In my mind’s eye, as I watch the contributors pass by, I see a thin, bent lady, wearing thread-bare clothing, eyes looking at the floor. She passes by the box where the offerings were collected and she drops in two small coins. There was no fanfare, no attention grabbing. She was a nobody, just one of the many nobodies that were passing by the box that day. She meekly dropped in her offering and went to the back to stand, hoping that she could hear the word read as the Rabbi or the priest took the scroll. It is my belief that only one person in the entire room that day even noticed that the old woman was alive and standing there.

Jesus turned to his disciples and said: “Truly, I say to you, this poor widow has put in more than all those who are contributing to the offering box.  For they all contributed out of their abundance, but she out of her poverty has put in everything she had, all she had to live on.” Mark 12:43b-44 ESV

In remembering this story I have it in my mind that Jesus sees me there in the assembly. He is with us all and paying attention to what we are actually doing. I don’t see it as “Oh, I better pay attention and act right because Jesus is here watching.” No. I see it as Jesus seeing us there, in all our weakness, with all our sinful moments and yet loving us as He watches us speak to the world: “Jesus is Lord. Jesus is Lord!”

If we don’t take the time to think about more than His death and burial we will miss so much of what taking the supper in remembrance means and the strength it gives. We will lose sight of the truths about Jesus the writers were sharing as they told the many stories of Jesus being with people and doing for them. We will miss the teachings offered in story form. We will forget about the relief the woman taken in the act of adultery found and felt as Jesus offered “Neither do I condemn you…” We will not think about how Jesus is with us in the weddings and funerals of our children and loved ones. We won’t really remember that Jesus wept at a funeral or that He saved a family from terrible humiliation when the wine played out.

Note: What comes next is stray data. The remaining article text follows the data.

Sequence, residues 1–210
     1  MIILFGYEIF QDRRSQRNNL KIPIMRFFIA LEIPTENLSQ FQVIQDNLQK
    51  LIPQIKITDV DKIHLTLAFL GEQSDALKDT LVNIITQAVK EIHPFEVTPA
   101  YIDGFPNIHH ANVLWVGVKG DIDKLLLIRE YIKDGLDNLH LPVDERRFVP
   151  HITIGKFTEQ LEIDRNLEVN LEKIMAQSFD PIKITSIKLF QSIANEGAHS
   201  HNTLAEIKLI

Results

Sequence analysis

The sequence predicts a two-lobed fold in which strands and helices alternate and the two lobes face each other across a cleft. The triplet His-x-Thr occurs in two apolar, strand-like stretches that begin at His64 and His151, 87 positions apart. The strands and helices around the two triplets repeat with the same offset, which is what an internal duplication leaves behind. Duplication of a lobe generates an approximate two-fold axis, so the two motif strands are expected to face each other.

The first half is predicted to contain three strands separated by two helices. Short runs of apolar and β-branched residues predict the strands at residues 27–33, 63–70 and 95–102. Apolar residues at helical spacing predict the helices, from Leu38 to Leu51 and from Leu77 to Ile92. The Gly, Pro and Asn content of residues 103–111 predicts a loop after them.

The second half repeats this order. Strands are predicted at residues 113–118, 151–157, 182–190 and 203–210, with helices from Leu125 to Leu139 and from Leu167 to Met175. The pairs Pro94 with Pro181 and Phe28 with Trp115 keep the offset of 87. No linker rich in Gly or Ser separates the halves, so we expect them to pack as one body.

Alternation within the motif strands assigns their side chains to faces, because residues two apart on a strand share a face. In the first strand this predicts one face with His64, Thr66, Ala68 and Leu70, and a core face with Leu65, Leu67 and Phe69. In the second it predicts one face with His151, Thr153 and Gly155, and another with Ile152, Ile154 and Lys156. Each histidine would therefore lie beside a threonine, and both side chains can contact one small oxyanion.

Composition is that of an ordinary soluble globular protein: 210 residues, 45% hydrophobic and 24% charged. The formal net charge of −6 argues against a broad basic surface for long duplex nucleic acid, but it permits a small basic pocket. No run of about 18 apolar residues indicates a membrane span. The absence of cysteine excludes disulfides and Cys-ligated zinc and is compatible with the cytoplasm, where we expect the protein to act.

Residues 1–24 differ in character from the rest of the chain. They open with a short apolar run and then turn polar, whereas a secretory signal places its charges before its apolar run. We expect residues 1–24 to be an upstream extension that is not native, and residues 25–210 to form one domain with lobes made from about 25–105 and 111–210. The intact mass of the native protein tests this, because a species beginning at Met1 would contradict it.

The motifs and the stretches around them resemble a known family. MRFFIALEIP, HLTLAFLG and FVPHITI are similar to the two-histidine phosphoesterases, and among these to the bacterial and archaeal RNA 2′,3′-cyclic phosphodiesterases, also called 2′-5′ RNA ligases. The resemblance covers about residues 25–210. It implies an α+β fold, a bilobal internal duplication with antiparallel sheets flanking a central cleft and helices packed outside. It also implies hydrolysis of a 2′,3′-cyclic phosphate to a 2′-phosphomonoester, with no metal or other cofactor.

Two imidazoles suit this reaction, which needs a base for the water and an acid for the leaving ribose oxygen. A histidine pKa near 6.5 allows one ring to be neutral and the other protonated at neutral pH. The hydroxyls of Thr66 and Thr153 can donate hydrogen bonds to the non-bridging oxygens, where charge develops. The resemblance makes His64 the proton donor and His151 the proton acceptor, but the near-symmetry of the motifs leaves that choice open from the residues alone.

Our remembrances must not be just about death, but about life and loving and sharing and laughter and even mourning. We look at Jesus in all that has been revealed to us and remember that the things done were not done just for them, but for us also. We see how Jesus was with them and we realize that He is still here with us doing the same things. He has not left us on our own to work it all out without help, but is here with us rather and He is working it with us. We do not have a death in our family or among our friends that He is not weeping with us.

Thank you Father, thank you Jesus, thank you Spirit for bringing these things to our remembrance, so that we can be the richer for it.

We know that in the thinking of Him and remembering the many stories we are made stronger and better able to face the coming week, for we have shared a meal with Jesus and we continue to share all week long.

Please, pass the bread!

Friday, November 14, 2014

Supper Two

Moms Dads and Death


The people of Israel were a storied people. They depended on their stories for faith, encouragement, strength and the will to go on. The many years spent in Egyptian exile were tolerable only because their fathers, mothers and grandparents rehearsed for them the great stories of Jehovah’s promises to Abraham, Isaac and Jacob. They heard that their father, Joseph, had been the second most powerful man in Egypt at one time and that God had put him in that position. They heard and believed the wonderful stories of Adam and Eve, Noah and the flood. The promises had been spoken to them over and over again as the stories of the ancients were told and retold. They not only heard, but they memorized the stories so they could tell them to their children and their children’s children. In the stories was their hope.